Our New Summer Issue (43:4)

October 10, 2011

Our summer 2011 issue is now available online at our official NYU website.

Also check out our book annotations.


Issue: Fall 2010

April 17, 2011

The Fall 2010 issue of the Journal of International Law and Politics is available at our official NYU website.  The contents are as follows:

The new issue also comes with our usual batch of book annotations.  In this issue, our staff reviews books by Burrus M. Carnahan, Michael Gross, Peter Jan Honigsburg, Franziska Humbert, David Kinley, James L. Nolan, Jr., Michael Scharf & Paul Williams, and Siobhan Wills.  We also cover several new edited volumes: Avant, Finnemore, and Sell’s study of global governance; Bowden, Charlesworth, and Farrall’s volume on post-conflict issues; and Steven Roach’s volume on the International Criminal Court.


The Amendment of Spain’s Arbitration Act: A Promising But Unfinished Agenda

March 15, 2011
By Guillermo Bayas Fernández
Attorney-at-law in Spain
Fundación Rafael del Pino scholar
NYU LL.M. Candidate, Class of 2011

Abstract

Last September, the Spanish Government sent to the Parliament a bill (the Bill) to reform the current Spanish Arbitration Act (Ley 60/2003, de 23 de diciembre, de Arbitraje), which is now being discussed in Congress. The Bill improves different aspects of the existing regulation, mainly those concerning the action to set aside the award, arbitrators’ liability, arbitration of corporate disputes and the effect of insolvency proceedings on arbitration agreements. However, the possible suppression of dissenting opinions prejudices arbitration and the regulation on challenge of judicial jurisdiction favors frivolous attempts to avoid abiding by arbitration agreements. respective  Additionally, the proposed assignment of functions among judicial bodies in arbitration issues lacks coherence and does not create a long-demanded unification appeal on arbitration matters. While this article welcomes some of the intended modifications, it raises concerns that Spain might be losing a unique opportunity to adopt a modern regulation that would advance its chances of becoming a prime international arbitration seat.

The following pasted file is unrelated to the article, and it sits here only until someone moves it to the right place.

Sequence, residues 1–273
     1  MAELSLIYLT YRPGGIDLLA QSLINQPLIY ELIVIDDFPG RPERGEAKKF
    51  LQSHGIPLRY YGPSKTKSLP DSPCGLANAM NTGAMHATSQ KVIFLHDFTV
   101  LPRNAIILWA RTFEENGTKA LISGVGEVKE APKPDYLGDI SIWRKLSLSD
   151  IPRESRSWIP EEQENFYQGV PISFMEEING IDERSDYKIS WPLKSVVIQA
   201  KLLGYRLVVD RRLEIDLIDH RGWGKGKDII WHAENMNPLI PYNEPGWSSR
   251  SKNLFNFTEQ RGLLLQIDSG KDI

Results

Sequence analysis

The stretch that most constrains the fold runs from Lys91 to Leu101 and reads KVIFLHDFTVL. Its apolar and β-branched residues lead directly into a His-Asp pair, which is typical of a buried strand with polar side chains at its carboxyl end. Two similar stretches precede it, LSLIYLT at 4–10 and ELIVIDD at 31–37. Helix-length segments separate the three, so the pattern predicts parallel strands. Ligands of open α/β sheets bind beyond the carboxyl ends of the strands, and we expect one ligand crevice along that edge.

Read the rest of this entry »


Further Developing the ‘Playstation Mentality’

November 28, 2010

By Graham Dumas (J.D. Candidate 2011)

Philip Alston famously described the use of drones by the U.S. military and the CIA as potentially leading to a “playstation mentality,” in which the human and capital costs of strikes are so decreased from the perspective of the striking force that fewer precautions are taken in conducting such strikes. The criticism is valid, although it has been refuted by government lawyers from Harold Koh on down.

Yet reduced costs may not have universally negative results. Michael Walzer, in his seminal work Just and Unjust Wars, wrote about the moral duty on combatants to expose themselves to further risk in order to save the lives of civilians caught in combat zones. With drones, however, especially the land-based models described recently in the New York Times, the reduction or even elimination of risk to the human operator could make it easier for the military to warn effectively the civilian population ahead of or during operations. What is more, the moral ambiguity of using human soldiers as tools for the aim of reducing civilian casualties, which arises from the government’s duty to ensure (as far as possible) the right to life of its own forces, all but disappears with the use of drones.